Agriculture is an earth warming activity. Tractor emissions release carbon dioxide. Methane is produced in flooded paddy fields. The application of urea releases nitrous oxides. When paddy stubble and other agricultural waste is burnt, smoke and soot are released into the atmosphere.
But farms can also be carbon sinks if regenerative agriculture is practiced. Retaining paddy stubble in fields, planting wheat without ploughing the fields or tilling them minimally, moving away from transplant rice to direct-seeded rice, introducing a leguminous crop like mungbean in the rice-wheat cycle — all these are practices that make farming a low-carbon activity.
These practices lower the cost of production. But they also have social benefits. Can farmers be paid for the environmental services they render?
It is this idea that has motivated Grow Indigo to enlist farmers in Punjab, Haryana and the National Capital Region for its carbon credit programme. Grow Indigo is a joint venture between Mahyco, a Maharashtra-based pioneer in seed production and Indigo Ag, a US company that provides a platform for the purchase and sale of carbon credits.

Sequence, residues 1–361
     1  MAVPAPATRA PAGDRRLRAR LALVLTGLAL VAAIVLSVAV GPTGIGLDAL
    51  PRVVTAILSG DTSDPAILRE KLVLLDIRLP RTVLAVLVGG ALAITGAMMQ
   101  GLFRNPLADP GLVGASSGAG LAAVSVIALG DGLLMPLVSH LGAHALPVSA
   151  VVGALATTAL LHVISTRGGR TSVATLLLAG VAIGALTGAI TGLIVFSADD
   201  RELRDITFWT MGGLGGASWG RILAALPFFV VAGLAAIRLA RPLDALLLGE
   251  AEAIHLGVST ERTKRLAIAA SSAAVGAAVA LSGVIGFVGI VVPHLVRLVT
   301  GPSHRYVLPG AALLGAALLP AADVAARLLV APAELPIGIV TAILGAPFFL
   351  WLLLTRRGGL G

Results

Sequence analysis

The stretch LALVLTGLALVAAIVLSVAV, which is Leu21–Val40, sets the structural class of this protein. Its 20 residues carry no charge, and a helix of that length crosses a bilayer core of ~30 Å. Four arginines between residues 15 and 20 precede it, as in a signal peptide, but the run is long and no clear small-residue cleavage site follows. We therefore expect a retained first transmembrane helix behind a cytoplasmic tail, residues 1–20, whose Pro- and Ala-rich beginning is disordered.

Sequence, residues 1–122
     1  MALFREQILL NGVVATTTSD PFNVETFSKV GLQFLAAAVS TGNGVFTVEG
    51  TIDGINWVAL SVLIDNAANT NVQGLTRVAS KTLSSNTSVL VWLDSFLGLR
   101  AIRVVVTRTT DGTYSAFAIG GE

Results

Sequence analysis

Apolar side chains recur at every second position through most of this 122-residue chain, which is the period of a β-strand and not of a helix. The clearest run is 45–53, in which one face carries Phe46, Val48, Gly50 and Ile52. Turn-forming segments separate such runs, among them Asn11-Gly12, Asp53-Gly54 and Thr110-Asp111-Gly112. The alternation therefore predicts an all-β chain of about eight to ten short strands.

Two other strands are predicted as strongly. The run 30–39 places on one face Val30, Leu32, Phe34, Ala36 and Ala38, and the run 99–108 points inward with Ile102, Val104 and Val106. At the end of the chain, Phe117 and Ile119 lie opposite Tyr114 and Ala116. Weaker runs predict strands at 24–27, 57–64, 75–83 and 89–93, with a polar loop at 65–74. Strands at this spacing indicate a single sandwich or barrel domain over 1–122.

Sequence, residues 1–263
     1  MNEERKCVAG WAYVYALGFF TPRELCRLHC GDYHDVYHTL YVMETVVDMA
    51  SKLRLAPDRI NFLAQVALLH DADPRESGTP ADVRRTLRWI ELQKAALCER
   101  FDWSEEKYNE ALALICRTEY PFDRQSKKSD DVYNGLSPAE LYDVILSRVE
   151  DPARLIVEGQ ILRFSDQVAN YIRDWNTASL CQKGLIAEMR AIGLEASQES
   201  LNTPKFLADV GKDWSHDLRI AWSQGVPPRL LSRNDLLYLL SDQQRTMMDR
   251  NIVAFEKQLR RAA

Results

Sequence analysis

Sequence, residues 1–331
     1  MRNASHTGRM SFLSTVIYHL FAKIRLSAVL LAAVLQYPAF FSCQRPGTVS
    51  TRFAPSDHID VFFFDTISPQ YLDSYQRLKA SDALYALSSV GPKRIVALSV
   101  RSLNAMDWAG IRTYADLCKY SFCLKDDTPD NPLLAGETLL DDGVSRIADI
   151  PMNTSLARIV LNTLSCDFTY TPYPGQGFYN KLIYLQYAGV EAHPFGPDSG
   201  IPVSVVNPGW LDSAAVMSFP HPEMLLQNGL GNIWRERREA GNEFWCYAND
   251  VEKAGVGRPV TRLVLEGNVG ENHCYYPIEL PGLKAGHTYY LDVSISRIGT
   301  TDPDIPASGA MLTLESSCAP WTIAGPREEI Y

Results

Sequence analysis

Usha Barwale-Zehr, Grow Indigo’s Chairman and Executive Director says the company provides validation and verification services to farmers and also advises them in regenerative agricultural practices. But it does not itself pay for the carbon credits. These will be sold once they are generated. She says at least one carbon credit can be generated per acre. That would mean the capture of one tonne of carbon dioxide or equivalent greenhouse gases.
Umang Agarwal, Head, Carbon at Grow Indigo says carbon credits can be India’s biggest export item in agriculture. It sounds very optimistic but I urge you to watch this very interesting interview which I did for thefederal.com.